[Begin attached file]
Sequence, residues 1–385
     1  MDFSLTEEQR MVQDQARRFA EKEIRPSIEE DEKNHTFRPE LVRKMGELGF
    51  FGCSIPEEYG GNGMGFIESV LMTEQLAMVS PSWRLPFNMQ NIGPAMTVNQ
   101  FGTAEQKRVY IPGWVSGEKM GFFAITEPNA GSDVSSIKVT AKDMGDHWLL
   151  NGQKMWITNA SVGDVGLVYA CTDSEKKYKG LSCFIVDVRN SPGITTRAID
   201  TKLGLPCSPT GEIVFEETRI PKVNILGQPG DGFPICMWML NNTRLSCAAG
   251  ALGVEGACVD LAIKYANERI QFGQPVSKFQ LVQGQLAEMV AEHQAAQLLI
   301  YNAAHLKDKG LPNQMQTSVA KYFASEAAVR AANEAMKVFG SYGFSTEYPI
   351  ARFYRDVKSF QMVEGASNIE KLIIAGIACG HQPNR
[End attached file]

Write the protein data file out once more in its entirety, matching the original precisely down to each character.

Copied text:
Sequence, residues 1–385
     1  MDFSLTEEQR MVQDQARRFA EKEIRPSIEE DEKNHTFRPE LVRKMGELGF
    51  FGCSIPEEYG GNGMGFIESV LMTEQLAMVS PSWRLPFNMQ NIGPAMTVNQ
   101  FGTAEQKRVY IPGWVSGEKM GFFAITEPNA GSDVSSIKVT AKDMGDHWLL
   151  NGQKMWITNA SVGDVGLVYA CTDSEKKYKG LSCFIVDVRN SPGITTRAID
   201  TKLGLPCSPT GEIVFEETRI PKVNILGQPG DGFPICMWML NNTRLSCAAG
   251  ALGVEGACVD LAIKYANERI QFGQPVSKFQ LVQGQLAEMV AEHQAAQLLI
   301  YNAAHLKDKG LPNQMQTSVA KYFASEAAVR AANEAMKVFG SYGFSTEYPI
   351  ARFYRDVKSF QMVEGASNIE KLIIAGIACG HQPNR